A vegetable alternative to leather that is " a skin extracted from the mushroom hat and is processed in a manner totally similar to that animal, with a tanning, however, entirely natural." [40]Commercially availableMuSkin has the appearance of suede and "The total absence of chemicals makes Muskin totally non-toxic and therefore ideal for use in the manufacture of items that are in direct contact with the skin." [40]"From laboratory tests it has been shown that this new skin, delivers great performance. In fact, in addition to not promote the proliferation of bacteria, has a strong capacity to absorb moisture and then releases it." This makes it ideal for shoe insoles."The production capacity is, at this moment, of 40-50 sq.meters/month." [41] Also, the appearence and thickness of MuSkin is also uneven, which may rule it out for applications where high quality, grade A leather is used.Unknown

Mycelium

A leather substitute engineered by MycoWorks that is grown from mycelium and agricultural byproducts.In developmentMycoWorks' material is manufactured in a closed-loop process using "abundant, natural fibers to create 100% biodegradable materials, making this an infinitely renewable technology". [43] The material is also animal-free.The MycoWorks material can compete with conventional leathers due to it's strength, flexibility and durability. This is a cost competitive leather substitute because it "takes a fraction of the time and resources to grow" [43] in comparison to making leather from raw hidesMycoWorks is still collecting information on fungi products.Unknown
Piñatex™A non-woven textile made from pineapple leaf fibres.Commercially available“Piñatex fibres are the by-product of the pineapple harvest. No extra land, water, fertilizers or pesticides are required to produce them.” [21]Piñatex™ is a strong, breathable, soft, light and flexible textile. Various thicknesses and finishes are available, and the extraction of pineapple leaf fibres creates additional revenue for the farmers.Unknown
Chrome-tanned leather (a.k.a. wet blue)Vegetable-tanned leatherVegetable tanning uses tannins that occur naturally in the leaves and bark of certain plants.Commercially availableAvoids the use of toxic chemicals like Chrome, instead using naturally occuring tannins.UnknownVegetable-tanned leather isn't as soft and pliable as Chome-tanned leather. Vegetable tanning is also a more time-intensive process.
Rhubarb leather®A form of vegetable tanning but using tannins extracted from rhubarb roots.Commercially availableAvoids the use of toxic chemicals like Chromium, instead using naturally occuring tannins. Also, Rhubarb leather® is fully produced in Germany. "Even the rawhides come from regional resources with short transport distances" [22]Rhubarb leather® is suitable for allergy sufferers because no chromium salts or heavy metals are used.Whilst it offers a safer alternative to traditional Chromium tanning, it is still a method of tanning leather - a material that is ethically challenging.Deepmello
wet-green®An environmentally friendly tanning agent to provide an alternative, sustainable method of tanning leather. wet-green® is an example of biomimicry, using the same substance that the leaves if the olive tree uses to ward of predators.Commercially availableCompletely harmless across the entire value chain through eliminatinating the use of substances like acids or salts. Also, "No tree is felled, no plant sacrificed and no fields cultivated which would otherwise be used to produce food". [23]It produces a similar quality to Chrome-tanned Leather with a softness, lightness and durability. wet-green® also has a pleasant fragrance in contrast to foul smell of Chrome-Tanned Leather. [23]Whilst it offers a safer alternative to traditional Chrome of Formaldehyde tanning, it is still a method of tanning leather - a material that is largely, not ethical.BMW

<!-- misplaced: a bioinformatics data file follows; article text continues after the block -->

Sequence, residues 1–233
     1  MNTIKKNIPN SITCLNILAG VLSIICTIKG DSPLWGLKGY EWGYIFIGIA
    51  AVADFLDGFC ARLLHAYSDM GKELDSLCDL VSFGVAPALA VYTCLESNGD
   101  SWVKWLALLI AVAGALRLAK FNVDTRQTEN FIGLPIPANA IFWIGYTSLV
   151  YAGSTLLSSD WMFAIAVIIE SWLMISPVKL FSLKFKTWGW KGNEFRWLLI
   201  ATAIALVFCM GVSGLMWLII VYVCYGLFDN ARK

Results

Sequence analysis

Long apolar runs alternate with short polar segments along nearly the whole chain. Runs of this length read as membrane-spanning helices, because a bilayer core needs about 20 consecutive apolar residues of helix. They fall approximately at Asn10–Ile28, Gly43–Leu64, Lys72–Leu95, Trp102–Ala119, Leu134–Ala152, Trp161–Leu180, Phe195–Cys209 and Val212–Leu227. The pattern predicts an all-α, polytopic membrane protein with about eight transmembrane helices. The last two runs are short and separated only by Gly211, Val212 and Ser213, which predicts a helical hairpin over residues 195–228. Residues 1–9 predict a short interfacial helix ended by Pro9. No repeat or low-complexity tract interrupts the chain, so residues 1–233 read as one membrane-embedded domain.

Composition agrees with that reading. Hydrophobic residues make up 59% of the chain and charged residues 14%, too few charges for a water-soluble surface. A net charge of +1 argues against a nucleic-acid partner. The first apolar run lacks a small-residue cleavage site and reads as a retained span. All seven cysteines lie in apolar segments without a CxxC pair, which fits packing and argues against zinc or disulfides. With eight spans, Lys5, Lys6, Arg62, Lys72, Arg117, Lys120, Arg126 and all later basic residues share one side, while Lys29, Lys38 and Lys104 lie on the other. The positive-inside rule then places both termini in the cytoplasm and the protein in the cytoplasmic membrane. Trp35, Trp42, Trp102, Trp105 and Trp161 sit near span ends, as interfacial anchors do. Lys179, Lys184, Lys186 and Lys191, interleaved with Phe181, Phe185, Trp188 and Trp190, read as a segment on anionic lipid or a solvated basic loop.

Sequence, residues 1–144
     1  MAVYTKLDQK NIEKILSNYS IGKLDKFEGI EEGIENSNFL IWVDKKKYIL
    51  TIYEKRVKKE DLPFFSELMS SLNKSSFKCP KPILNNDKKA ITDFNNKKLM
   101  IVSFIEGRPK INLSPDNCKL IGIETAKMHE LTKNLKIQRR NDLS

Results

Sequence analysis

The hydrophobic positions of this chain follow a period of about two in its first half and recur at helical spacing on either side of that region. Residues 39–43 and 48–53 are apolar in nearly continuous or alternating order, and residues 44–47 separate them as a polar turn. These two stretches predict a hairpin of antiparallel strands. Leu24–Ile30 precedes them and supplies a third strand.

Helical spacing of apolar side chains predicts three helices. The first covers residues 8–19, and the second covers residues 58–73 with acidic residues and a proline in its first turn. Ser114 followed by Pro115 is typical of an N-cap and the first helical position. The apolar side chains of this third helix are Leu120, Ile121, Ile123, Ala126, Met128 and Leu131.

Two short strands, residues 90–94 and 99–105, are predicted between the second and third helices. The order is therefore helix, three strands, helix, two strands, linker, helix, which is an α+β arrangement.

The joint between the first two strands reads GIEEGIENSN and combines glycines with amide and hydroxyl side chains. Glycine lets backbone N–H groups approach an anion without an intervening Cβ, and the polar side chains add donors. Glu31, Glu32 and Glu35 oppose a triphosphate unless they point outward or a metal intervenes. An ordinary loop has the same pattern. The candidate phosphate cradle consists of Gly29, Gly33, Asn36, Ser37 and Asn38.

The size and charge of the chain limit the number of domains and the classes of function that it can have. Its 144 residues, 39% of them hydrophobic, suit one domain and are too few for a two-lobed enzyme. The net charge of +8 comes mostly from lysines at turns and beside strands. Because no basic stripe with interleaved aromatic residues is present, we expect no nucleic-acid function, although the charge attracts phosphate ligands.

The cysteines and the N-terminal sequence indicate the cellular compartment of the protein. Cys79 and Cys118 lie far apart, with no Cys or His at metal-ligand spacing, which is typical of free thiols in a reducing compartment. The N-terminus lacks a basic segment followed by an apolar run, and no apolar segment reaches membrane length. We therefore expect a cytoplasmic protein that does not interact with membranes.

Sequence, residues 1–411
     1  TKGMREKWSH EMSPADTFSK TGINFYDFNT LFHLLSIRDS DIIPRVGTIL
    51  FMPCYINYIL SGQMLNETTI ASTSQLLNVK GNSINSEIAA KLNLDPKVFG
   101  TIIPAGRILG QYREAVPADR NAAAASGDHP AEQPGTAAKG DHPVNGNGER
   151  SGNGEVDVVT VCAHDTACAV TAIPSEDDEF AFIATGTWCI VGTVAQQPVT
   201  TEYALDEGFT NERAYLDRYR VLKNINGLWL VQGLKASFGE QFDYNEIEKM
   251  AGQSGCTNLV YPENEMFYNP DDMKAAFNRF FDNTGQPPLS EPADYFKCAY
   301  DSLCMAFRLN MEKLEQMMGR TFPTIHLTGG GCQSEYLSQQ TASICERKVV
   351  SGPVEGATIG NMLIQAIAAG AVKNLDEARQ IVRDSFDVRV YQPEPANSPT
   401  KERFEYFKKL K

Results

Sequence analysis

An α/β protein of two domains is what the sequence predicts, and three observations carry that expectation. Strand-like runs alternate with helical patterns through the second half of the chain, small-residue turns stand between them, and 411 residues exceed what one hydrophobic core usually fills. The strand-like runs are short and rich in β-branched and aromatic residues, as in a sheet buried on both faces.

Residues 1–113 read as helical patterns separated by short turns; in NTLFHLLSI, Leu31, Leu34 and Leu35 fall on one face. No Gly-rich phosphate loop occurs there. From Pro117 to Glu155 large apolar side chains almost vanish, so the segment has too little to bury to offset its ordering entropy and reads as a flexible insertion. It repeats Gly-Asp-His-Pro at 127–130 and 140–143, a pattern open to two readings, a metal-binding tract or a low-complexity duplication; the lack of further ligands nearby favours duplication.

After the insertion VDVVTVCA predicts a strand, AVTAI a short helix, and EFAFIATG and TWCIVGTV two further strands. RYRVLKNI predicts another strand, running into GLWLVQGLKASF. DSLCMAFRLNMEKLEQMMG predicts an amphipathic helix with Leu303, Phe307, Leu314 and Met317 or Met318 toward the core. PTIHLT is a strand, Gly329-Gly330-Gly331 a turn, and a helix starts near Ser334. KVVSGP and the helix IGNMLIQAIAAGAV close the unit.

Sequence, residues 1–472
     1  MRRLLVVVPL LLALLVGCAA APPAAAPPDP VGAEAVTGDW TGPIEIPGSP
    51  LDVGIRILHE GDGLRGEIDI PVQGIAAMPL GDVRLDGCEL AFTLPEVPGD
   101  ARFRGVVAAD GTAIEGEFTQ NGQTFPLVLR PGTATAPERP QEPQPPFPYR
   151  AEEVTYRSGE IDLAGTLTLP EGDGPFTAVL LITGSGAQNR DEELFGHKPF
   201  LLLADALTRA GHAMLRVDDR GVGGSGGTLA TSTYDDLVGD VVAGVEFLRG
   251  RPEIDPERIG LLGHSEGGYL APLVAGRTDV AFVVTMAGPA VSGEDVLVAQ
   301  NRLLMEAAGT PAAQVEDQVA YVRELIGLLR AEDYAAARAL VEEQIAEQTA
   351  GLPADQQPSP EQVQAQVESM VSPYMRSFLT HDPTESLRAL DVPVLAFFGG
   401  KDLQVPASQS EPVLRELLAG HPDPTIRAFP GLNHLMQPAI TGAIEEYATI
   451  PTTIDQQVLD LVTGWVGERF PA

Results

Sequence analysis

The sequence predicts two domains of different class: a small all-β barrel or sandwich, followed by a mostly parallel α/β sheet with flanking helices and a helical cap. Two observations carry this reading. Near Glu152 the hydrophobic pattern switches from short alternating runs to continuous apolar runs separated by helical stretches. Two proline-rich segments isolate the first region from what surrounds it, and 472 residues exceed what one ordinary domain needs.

Suede/ Nubuck

Ultrasuede®A man-made suede / nubuck alternative, derived from recycled polyester.Commercially availableThese microfibres are manufactured from recycled polyester. "Recycling polyester means reducing energy consumption and CO2 emissions into the atmosphere by 80% compared to the traditional petrol-based polyester production process." [24]Ultrasuede® is machine washable and resistant to stains and discolouration.Unknown
Dinamica®An eco-suede made from recycled polyester.Commercially available"Recycling polyester means reducing energy consumption and CO2 emissions into the atmosphere by 80% compared to the traditional petrol-based polyester production process." [24] "Dinamica® is designed for easy disposal, and is 100% recyclable at the end of its useful life." [24]UnknownUnknownBeyond Skin

Non-organic Cotton

Bast FibresBast fibres are a group of natural fibres that are extracted from the stem of certain plants e.g. flax (linen), hemp, jute and stinging nettles.Commercially availableBast fibres can be grown with fewer imputs, like without pesticides and smaller areas of land. They can also be grown in European climates, providing alternatives as oil prices and transportation costs rise.Bast fibres are durable and flame retardant.However, bast fibres are not as soft as cotton.
Polyester-Based FabricsBiosteelAn artificial silk fibre created using the same proteins that spiders use to make their silk.Commercially available100% biodegradable once placed in water with the digestion enzyme called proteinase within 36 hours. [42]Biosteel is 15% lighter [42] than traditional polymer shoes and offers controlled moisture management - ideal for atheletes. The fibre is also non-allergenic, vegan.UnknownAdidas
ClimatexA biodegradable fabric primarily used to upholster office furniture.Commercially available100% biodegradable, "safe enough to eat" [25], scraps are sold on to farmers as mulch, improved the local water supply, high quality water treatment.Climatex is a forward thinker - sharing the recipe for their fabric free of charge. "It’s not really green thinking if we just hold that information secret." Bonnie Sonnenschein [25]UnknownPo-Zu
Thread InternationalA range of recycled PET fabric.Commercially availableMade from "100% post-consumer recycled content responsibly sourced from Haiti or Honduras" [26]. Thread International provides "Ground to Good™ traceability at all levels of the supply chain from bottle collection to fabric production." [26]A variety of options are available e.g. jersey, canvas and denim.UnknownTimberland